These days, Turkmenistan’s strongman, Gurbanguly Berdymukhamedov, would prefer it if Ukraine didn't exist. But try as he might, his government can't keep Turkmen citizens completely in the dark about Ukrainian events.
State-controlled media in Turkmenistan -- one of the most repressive states in the world, according to human rights organizations – has maintained steadfast silence on events in Ukraine since the start of the Euromaidan protests in Kyiv last November. The news blackout not only has covered the downfall of Viktor Yanukovych’s administration, but also Russia’s annexation of Crimea and, most recently, the upheaval in eastern Ukraine.
Similarly, the Turkmen government has not issued any official statements concerning Ukrainian developments. The evident fear guiding government policy is that news of an uprising against incumbent authorities in another formerly Soviet state might inspire Turkmenistan’s own beleaguered population to follow suit.
While many Turkmen citizens, especially those in rural areas, have little, if any knowledge of recent events in Ukraine, the government’s information filter isn’t strong enough to keep all information out. For one, about 15,000 Turkmen students are studying at various institutions of higher learning in Ukraine, and they are potential sources of first-hand reports to friends and family members back home. In addition, a significant number of citizens inside the country, particularly in the capital Ashgabat, are able to access Russian news channels via satellite television. The internet offers another means of obtaining news from the outside world, but access is limited.
A twenty-something Ashgabat resident who works for a foreign company operating in Turkmenistan reported that he can access Western media outlets and social networks occasionally via the Internet. “There is always a difficulty with those [Internet-based news sources], since our government periodically bans them,” he said.
Turkmen authorities have long had an uneasy relationship with satellite dishes. Earlier initiatives to clamp down on satellite television, however, met with sufficiently strong popular opposition that authorities decided to grudgingly tolerate the broadcasts. Many Ashgabat residents have thus been able to keep up with the Russian version of events in Ukraine, a narrative in which “fascists” seized power in Kyiv, forcing Russia to occupy and annex the Crimean peninsula in the name of protecting ethnic Russians there.
“Before the conflict resulted in the annexation of Ukrainian territory by Russia, Turkmen authorities did not object [to Russian satellite broadcasts], since Russian media presents the political crisis in Ukraine as a fight against terrorists and combatants trying to usurp power. Such a version benefits [Turkmen] authorities,” said a political observer in Ashgabat, speaking on conditions of anonymity.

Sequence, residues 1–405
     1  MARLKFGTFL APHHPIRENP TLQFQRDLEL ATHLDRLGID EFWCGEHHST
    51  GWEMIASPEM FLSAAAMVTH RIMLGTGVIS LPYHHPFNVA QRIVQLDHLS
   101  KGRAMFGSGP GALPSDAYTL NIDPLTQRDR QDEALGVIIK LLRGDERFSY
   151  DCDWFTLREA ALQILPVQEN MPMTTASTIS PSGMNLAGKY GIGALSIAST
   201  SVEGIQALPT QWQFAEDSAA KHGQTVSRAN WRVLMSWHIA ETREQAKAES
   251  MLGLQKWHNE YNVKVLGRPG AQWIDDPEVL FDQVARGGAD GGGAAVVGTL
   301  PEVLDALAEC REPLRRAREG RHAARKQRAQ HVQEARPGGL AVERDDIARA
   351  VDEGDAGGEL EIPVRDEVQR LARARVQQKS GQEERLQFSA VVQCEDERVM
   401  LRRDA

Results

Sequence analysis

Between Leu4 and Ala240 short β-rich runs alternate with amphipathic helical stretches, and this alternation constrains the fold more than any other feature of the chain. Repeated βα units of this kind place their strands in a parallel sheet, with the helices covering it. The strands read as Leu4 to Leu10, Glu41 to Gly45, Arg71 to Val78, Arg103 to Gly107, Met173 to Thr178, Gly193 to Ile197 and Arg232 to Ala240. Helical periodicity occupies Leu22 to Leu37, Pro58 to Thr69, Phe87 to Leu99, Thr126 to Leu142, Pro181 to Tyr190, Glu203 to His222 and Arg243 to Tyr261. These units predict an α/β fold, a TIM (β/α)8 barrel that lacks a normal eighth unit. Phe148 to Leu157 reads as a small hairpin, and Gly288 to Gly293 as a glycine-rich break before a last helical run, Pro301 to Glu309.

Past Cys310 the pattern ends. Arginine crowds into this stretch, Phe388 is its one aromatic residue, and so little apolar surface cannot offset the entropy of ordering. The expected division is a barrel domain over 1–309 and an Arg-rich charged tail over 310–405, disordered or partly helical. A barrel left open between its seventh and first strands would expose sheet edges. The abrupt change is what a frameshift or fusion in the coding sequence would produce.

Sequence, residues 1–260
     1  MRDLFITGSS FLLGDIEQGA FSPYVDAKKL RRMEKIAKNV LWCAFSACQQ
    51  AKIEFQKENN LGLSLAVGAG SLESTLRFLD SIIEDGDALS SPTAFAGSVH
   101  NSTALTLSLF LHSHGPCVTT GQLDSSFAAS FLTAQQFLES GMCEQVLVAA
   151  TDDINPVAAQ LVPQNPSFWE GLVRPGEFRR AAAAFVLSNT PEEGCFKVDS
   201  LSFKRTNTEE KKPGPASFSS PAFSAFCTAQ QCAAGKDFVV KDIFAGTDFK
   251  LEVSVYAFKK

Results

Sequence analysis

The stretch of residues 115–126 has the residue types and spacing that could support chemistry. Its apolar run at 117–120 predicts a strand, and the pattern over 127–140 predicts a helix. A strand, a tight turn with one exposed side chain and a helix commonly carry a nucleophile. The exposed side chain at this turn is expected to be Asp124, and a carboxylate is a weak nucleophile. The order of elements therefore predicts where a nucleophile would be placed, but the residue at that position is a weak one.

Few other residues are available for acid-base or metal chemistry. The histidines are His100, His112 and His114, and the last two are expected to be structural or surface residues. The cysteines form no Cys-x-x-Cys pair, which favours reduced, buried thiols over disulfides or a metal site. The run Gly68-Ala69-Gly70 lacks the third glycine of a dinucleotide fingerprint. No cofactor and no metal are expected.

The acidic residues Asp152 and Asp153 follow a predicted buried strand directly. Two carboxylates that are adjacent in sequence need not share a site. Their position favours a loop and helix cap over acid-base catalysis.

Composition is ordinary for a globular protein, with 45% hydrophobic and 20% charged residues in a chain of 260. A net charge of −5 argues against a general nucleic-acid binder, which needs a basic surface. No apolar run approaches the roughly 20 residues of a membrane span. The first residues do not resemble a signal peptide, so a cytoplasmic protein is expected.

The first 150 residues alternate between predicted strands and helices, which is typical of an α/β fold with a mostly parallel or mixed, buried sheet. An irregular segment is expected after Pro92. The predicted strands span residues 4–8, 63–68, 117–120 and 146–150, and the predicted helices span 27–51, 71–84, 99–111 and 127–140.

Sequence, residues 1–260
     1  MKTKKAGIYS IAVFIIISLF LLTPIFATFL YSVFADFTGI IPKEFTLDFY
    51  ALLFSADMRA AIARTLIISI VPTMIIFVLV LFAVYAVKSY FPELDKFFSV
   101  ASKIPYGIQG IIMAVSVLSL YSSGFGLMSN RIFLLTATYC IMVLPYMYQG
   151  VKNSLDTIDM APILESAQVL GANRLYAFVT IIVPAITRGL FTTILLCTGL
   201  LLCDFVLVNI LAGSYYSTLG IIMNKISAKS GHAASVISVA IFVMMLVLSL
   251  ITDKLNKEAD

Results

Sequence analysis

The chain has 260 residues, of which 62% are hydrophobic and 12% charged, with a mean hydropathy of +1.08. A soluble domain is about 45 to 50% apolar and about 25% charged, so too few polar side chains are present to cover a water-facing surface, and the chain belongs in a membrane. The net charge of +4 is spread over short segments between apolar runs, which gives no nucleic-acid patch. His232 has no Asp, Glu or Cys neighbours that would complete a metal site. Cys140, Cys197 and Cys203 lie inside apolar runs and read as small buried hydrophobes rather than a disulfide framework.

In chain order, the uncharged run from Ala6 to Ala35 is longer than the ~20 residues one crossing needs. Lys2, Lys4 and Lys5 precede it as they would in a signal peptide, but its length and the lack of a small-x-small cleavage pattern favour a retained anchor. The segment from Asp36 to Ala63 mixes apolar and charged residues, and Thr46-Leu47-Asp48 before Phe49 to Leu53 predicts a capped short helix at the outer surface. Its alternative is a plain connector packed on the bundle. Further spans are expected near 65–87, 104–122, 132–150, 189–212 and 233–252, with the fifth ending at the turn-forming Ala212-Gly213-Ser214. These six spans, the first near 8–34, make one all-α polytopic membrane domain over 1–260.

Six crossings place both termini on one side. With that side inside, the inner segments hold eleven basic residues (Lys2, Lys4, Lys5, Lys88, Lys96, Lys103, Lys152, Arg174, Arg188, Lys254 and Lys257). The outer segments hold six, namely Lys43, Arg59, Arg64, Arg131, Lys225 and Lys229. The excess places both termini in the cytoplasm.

In recent weeks, Ashgabat satellite television viewers have noted changes that indicate Berdymukhamedov’s regime is growing increasingly uncomfortable with Russian news coverage of Ukraine, in particular the seizures of buildings and entire towns and cities by pro-Russian militants in eastern Ukraine.
“We see more interferences, poor broadcast signals or even blackouts in the city during news programs. I believe this is due to the fact that the authorities cannot decide how to react to other Ukrainian regions asking to join Russia. The authorities are probably afraid such a scenario could take place here too,” said the Ashgabat observer.
The doctrine established by Russian leader Vladimir Putin that assigns the Kremlin responsibility for “protecting” the rights of ethnic Russians anywhere in the former Soviet Union appears to be what’s making Turkmen authorities nervous. Over 100,000 residents of Turkmenistan hold Russian passports. Although that number represents only about 4 percent of the population, that’s plenty to provide Moscow a potential pretext to meddle. In recent years, Turkmen authorities tried to abolish dual citizenship, and thus force Russian passport holders to either leave for Russia or renounce their Russian citizenship. But vigorous push-back from Russia caused Turkmen authorities to back down.
Although officials may worry that Turkmen citizens might embrace the Euromaidan spirit if they had full access to news about Ukraine, another Ashgabat observer, who quietly tries to monitor rights violations in the country, says the chances of mass protests occurring in Ashgabat anytime soon are near zero. Years of stifling government repression has left the population fearful and unwilling to take risks.
“There are about 10 activists … who try to somehow draw attention to human rights violations in our country,” the expert said. “While these select individuals try to do at least something, the other 5 million people are completely passive!” the expert said.
Aisha Berdyeva is a psuedonym for a reporter who follows Turkmen affairs.